Springfield School District is operating "ahead of the curve," which is definitely good news. The activity to which this statement refers has, however, a proverbial flip side of the coin. SSD is in the forefront of school safety, an area that is not only the "new norm," but the law.
The facts of nationwide school violence events do not need to be detailed for most people, let alone parents and caregivers of school-aged children. With a shocking frequency, they are extensively covered on the news and in commentary. School districts have always been able to make staffing and policy decisions on safety and security, and "school resource officers" have not been uncommon in more urban settings. Today's environment calls for much more thought, planning, and action.
On June 22, 2018, Governor Tom Wolf signed Act 44 of 2018 into law, creating a School Safety and Security Committee within PCCD (Pennsylvania Commission on Crime and Delinquency).The Committee is tasked with developing the criteria school entities are to use in performing school safety and security assessments, issuing a survey to school entities to measure school safety and security preparedness, and administering grants.
The district was months ahead in the thinking process on all elements suggested by Act 44. Renovations and new construction have taken security into account, and the district has always maintained a positive and active relationship with township police.
In May 2018, the school board approved the hiring of Sergeant Michael Vaughan as the Director of School Safety. Vaughan had served for 26 years with the Springfield Police Department (SPD), lived in the district, and was known to the community. That, Vaughan said, was a factor in his decision to take the position.
"I was hired in Springfield in 1992, having been an officer for SEPTA. I got into police work to be in a community. That's why this job was so attractive. I raised three children in Springfield, the youngest is still in the school district," said Vaughan.
Sgt. Vaughan wanted to share information on the entire scope of safety in the schools without a focus on him. But it is fair to say his experience and background are critical, including attending the highly competitive FBI National Academy. Springfield is one of a very few Delaware County school districts with a director as a dedicated position, and not assumed by an administrator with other responsibilities. Through a separate and mandated court hearing, Vaughan is also approved to assume police powers if and when needed.
As Superintendent Barber notes, "The single, greatest topic of discussion in our schools today must center around the safety of our students, staff and families. We are delighted that our School Board has dedicated such attention to this initiative, and we wholeheartedly know that Sergeant Vaughan is absolutely the right person to lead us in this department." Familiar with the schools and procedures through his SPD experience, Vaughan launched into extensive planning for the district's overall safety program starting in May.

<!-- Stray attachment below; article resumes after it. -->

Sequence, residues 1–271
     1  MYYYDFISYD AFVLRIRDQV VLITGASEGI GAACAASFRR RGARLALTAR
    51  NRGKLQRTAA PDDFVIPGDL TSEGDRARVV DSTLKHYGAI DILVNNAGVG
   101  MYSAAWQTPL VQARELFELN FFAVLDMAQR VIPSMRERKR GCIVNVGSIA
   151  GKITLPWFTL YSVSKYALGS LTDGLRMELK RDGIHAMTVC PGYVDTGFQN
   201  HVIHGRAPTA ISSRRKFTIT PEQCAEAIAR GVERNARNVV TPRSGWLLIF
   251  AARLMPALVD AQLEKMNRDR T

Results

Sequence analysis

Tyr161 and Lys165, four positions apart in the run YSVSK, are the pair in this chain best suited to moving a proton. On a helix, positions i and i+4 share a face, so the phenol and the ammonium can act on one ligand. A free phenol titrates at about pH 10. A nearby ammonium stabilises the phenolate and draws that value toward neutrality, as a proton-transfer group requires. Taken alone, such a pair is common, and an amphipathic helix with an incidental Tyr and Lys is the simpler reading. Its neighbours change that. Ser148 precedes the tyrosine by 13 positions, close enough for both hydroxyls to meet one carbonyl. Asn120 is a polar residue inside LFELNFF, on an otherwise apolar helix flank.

"There are guidelines for all staff and students, and we were much ahead of the planning before school started in September. Staff training took place before school opened, and we had a session the first day of high school for students," Vaughan said. "These students were really invested. They know the issue and want information."
The specifics of training are age appropriate and site specific, given that there are five school buildings and four age levels, Vaughan said. The high school and middle school students are directed what to do and how to make decisions. The elementary schools students are trained to listen and follow directions given by teachers and other staff.
Vaughan quickly referenced a meeting for parents and all other interested community members scheduled for 7 pm, Monday, October 8th at E. T. Richardson Middle School.
"It's important that all stakeholders be trained as to why we are doing what we are doing. Among other things, we will go over some of the changes made in our crisis plan."
One element to be discussed is a change in what was assumed standard procedure. Vaughan said "lock down" as an immediate course of action has been replaced by "run, hide and fight." Vaughan said this has been studied and adopted by the Dept. of Homeland Security. In addition to advance planning, Vaughan said a big part of training for staff is to "think like a first responder. You can't wait to react when something happens. You have to think about strategy ahead of time. It is a change of mindset."
This advisory—very likely a prudent tactic for everyone—is awareness of one's surroundings. The "see something, say something" approach is widespread in virtually every environment and far reaching, Vaughan said. It extends to students who may notice, hear, or see unusual and troublesome signs by a peer. Since the majority of school violence is perpetrated by a student or former student, awareness is essential.
"Everybody is responsible to identify a problem since there are always warning signs. You are not being a snitch. If you see something on social media or anywhere, report it right away," said Vaughan.
School safety is hardly a new concept, but it has taken on a more evident, transparent and collaborative role with schools. The district will continue to study and refine all strategies and plans, only a few of which are kept in confidence for even added security. Vaughan said the response of staff and students has been "fantastic." He is always accessible and is used to getting emails and messages weekends and nights as some parent or teacher may start out by saying "I was just thinking...."
If thinking leads to information, Vaughan hopes the community will start with the October 8th meeting.
-Susan L. Serbin